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Substance use is problematic and extensive in its many forms: alcohol use, cocaine use, hallucinogen use, heroin use, inhalant use, marijuana use, methamphetamine use, sedative-hypnotics, anxiolytics use, etc.

Different types of drugs are being synthesized on a regular basis and users are finding more and more creative ways to use and conceal them. How can parents be expected to keep their teens from using drugs and alcohol? What are the best forms of risk management?

Teen substance use usually starts off casually, but even minor effects cannot be unlearned once the brain begins associating drugs with pleasure. Continued social use seems acceptable because economic costs are minimal and drugs are not yet interfering with normal activities. As more time passes, though, the consequences of use begin to increase. The user feels compelled to use as a means of feeling normal, and the path to addiction is well underway.

 

Using Developmental Models to Understand Teen Substance Abuse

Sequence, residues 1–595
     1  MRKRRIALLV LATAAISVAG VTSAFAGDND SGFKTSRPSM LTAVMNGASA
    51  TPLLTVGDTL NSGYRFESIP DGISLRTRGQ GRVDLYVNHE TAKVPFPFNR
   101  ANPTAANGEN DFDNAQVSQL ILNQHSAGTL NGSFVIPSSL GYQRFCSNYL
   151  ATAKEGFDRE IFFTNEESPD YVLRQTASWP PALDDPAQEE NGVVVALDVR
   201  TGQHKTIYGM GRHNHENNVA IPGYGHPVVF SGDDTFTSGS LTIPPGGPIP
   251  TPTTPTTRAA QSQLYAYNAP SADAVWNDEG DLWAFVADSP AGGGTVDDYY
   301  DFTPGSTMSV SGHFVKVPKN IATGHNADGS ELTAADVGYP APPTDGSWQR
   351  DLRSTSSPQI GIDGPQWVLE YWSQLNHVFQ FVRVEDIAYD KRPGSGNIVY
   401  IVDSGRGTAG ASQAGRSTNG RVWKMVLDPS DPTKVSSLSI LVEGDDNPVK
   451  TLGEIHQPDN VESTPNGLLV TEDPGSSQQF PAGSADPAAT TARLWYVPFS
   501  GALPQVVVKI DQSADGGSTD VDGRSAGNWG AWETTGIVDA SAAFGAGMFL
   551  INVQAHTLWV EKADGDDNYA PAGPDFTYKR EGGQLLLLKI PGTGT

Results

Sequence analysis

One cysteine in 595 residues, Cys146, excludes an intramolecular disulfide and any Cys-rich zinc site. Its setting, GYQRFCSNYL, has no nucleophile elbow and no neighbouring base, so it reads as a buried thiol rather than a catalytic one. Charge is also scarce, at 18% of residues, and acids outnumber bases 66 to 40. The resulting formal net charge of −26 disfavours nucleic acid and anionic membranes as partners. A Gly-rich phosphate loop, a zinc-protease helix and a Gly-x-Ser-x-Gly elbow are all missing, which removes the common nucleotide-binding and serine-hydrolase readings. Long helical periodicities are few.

We can use a developmental model of human growth to analyze teen substance use. By examining addiction as it relates to maturity and development, we can accurately assess and understand teen substance use, prevention and management. Developmental models incorporate all seven areas of human development: moral, cognitive, social, physical, emotional, psychosexual, and temperamental. These seven areas are further broken down into four major developmental tasks: fertility, friends, family, and future. “Fertility” relates to the adolescent preoccupation with sexual identity and body image. “Friends” relates to the adolescent preoccupation with self-identity. “Family” relates to the adolescent preoccupation with independence and separation from relatives. “Future” relates to vocational selection, and value clarification. All areas are affected by addiction and should be considered when planning for risk management.

 

A teen entering the world